'A deep red line'
Pope Shenouda III is sorry for comments made by a bishop questioning the authenticity of a Quranic verse, reports Reem Leila
"Doubting religious beliefs is a red line, a deep red line. I am sorry for any hurt caused to the feelings of our Muslim brothers." So said Pope Shenouda III, head of the Coptic Orthodox Church, during an interview broadcast on 26 September on state-run TV.
He was expressing his sorrow for comments attributed to the secretary of the Church Synod, Bishop Bishoi. In its 23 September issue Al-Masry Al-Yom reported that Bishoi had questioned the authenticity of a particular Quranic verse, arguing that it could have been added after the death of the Prophet Mohamed.
The day after Pope Shenouda's televised apology Bishop Bishoi issued an equally conciliatory statement. "I was misunderstood and misquoted by the press. Muslims are our brothers. The teachings of the Bible and Jesus order us to respect the other," he said.
According to Al-Masry Al-Yom Bishoi told a conference -- Securing the Orthodox Creed -- held in Fayoum governorate that the verse was probably inserted into the text of the Quran during the time of righteous Caliph Othman Ibn Affan. The bishop subsequently said: "Questioning whether some verses of the Quran were inserted after the death of Prophet Mohamed is not a criticism of Islam. I was just wondering."
"Muslims are guests in this country, Christians are the original residents. Prior to the Arab invasion of Egypt, which took place in the seventh century, the majority of Egypt's population was Christian," Bishoi is reported to have told the conference. The gathering was subsequently cancelled by Pope Shenouda.
Bishop Morcos of Shubra Al-Kheima, the official spokesman of the Orthodox Church, accused the media of fanning Bishoi's ill-advised comments into a full blown crisis. "The press feeds on trivial matters. The conference was held inside a church and addressed Christians. The press misinterpreted Bishop Bishoi's speech. There is mutual respect between us and Muslims. We have co-existed amicably for centuries." he added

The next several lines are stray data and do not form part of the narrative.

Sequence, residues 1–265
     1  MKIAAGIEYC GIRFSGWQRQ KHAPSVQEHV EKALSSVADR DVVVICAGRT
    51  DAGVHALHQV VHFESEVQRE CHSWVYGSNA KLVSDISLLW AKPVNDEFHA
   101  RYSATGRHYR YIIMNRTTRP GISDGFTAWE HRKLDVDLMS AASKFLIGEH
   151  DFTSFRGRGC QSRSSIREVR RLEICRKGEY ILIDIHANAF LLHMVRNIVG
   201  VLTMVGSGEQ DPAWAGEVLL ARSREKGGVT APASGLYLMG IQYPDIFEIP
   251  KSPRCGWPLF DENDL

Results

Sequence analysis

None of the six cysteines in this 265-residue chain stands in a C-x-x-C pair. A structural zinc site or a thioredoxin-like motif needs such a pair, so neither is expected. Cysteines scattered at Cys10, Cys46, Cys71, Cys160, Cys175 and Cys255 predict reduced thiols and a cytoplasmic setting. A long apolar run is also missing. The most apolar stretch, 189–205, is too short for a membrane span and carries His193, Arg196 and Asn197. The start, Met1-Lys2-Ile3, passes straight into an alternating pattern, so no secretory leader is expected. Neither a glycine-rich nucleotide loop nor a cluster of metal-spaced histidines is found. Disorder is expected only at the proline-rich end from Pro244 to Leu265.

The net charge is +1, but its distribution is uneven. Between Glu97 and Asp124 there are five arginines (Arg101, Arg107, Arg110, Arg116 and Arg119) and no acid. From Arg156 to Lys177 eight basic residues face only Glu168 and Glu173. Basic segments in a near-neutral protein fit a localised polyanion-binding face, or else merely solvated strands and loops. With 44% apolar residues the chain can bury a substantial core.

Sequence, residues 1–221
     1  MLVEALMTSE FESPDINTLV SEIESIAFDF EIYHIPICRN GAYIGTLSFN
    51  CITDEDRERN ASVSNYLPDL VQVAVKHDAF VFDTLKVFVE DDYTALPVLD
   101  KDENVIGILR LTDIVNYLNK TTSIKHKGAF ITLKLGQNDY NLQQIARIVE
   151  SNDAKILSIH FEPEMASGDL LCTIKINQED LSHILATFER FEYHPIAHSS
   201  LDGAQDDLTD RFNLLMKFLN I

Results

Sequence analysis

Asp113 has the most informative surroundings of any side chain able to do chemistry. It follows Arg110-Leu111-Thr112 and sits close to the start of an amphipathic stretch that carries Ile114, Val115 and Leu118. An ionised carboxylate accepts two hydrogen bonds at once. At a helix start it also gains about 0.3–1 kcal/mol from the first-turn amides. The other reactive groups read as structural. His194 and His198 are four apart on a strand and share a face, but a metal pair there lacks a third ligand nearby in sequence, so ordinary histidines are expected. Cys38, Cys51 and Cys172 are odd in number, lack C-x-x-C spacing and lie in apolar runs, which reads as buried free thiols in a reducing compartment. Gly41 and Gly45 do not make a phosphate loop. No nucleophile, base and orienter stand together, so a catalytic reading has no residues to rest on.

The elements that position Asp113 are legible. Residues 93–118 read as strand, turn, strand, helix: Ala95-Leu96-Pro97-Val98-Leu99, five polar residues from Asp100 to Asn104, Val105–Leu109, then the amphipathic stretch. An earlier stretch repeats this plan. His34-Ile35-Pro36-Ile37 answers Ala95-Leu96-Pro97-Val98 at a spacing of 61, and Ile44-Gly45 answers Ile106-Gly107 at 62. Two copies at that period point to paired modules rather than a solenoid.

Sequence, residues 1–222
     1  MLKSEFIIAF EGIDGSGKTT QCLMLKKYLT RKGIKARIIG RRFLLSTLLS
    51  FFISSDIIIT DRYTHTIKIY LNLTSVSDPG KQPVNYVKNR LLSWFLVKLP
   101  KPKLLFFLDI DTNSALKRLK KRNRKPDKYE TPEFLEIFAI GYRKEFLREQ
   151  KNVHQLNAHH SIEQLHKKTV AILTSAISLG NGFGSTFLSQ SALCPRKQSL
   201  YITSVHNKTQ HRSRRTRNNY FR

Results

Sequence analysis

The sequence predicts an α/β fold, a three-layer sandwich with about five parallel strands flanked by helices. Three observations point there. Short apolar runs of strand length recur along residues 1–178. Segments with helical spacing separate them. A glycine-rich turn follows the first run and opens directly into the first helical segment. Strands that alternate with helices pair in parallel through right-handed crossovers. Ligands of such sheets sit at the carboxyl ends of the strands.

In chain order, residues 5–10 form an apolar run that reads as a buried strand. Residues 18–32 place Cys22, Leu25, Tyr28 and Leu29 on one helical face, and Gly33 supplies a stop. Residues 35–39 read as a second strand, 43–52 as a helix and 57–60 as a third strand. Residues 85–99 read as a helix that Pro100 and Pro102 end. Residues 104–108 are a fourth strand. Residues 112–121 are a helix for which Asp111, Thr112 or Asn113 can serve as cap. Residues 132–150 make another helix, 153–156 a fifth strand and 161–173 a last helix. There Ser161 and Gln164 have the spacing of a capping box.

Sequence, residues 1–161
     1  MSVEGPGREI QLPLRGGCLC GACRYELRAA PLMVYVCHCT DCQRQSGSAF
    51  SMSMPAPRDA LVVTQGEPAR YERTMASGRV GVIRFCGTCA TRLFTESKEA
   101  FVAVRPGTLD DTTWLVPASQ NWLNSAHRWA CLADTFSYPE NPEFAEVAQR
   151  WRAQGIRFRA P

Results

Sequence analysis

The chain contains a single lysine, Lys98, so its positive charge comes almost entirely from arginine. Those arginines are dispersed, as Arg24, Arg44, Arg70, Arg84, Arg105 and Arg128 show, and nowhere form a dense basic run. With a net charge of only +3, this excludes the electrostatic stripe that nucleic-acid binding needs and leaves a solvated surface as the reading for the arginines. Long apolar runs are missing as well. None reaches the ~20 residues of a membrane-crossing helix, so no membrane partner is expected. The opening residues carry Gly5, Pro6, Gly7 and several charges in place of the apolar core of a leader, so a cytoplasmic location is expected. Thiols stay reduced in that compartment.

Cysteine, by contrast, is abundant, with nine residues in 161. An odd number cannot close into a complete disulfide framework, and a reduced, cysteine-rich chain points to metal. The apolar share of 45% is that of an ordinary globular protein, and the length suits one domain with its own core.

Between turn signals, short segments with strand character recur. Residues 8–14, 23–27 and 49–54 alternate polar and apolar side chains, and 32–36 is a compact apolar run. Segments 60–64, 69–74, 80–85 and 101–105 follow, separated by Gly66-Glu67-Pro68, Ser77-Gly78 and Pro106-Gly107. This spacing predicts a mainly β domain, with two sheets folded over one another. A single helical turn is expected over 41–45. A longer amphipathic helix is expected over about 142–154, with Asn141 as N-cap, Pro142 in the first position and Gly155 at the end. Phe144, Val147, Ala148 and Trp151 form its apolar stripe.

On 24 September hundreds of lawyers demonstrated in front of the Bar Association, chanting slogans attacking the Coptic Church and calling for Pope Shenouda and Bishop Bishoi to be put on trial. The Islamic Lawyers Association has filed a case in the Supreme Administrative Court seeking to force the church to defrock Bishoi for insulting Islam and Muslims.
Shenouda and Bishoi's apologies came a day after the Islamic Research Centre (IRC) and Al-Azhar denounced the bishop's comments as fuelling sectarian tensions. Mohamed Refaa, official spokesman of Al-Azhar, said the Grand Sheikh of Al-Azhar, Ahmed El-Tayeb, had contacted Pope Shenouda to discuss the matter. "Both," he continued, "refused the bishop's interpretation of the Quranic verse."
"Prophet Mohamed received all the Quranic verses throughout 23 years of his life from God through the Archangel Gabriel. The Quran is the unchallengeable words of God," said Refaa. "We refuse any interference with our religion, it's a prohibited area."
Against a backdrop of growing strains in Muslim-Christian relations theological conferences can easily become venues at which sectarian tensions are stoked.
IRC member Abdel-Moeti Bayoumi argues the bishop should have restricted his comments to the framework set by the title of the conference. "The event should have only been covered by magazines devoted to Christian affairs. According this conference, and other similar incidents, blanket coverage ignites tension between Muslims and Christians."
While there are significant doctrinal differences between Islam and Christianity, says Bayoumi, there are many similarities between the two religions. "To allow priests or sheikhs to ignore common factors and hunt only for disparities between the two religions is a huge mistake. When religious differences become a tool used by the media to attract attention it encourages ordinary people to dip into matters which should be left to the religious authorities. This could be the spark which triggers fury among Egyptian citizens."
Minister of Information Anas El-Fiqi and the Supreme Press Council (SPC) issued statements calling on journalists and TV networks to be more accurate when dealing with sensitive topics.
"The media should treat issues that could lead to sectarian disputes and compromise national unity more responsibly," said El-Fiqi.
The SPC said legal measures designed to protect national unity should be enforced to the letter. It also expressed its appreciation for efforts made by Chairman of the Press Syndicate Makram Mohamed Ahmed to prevent newspapers from publishing items that might ignite sectarian tensions.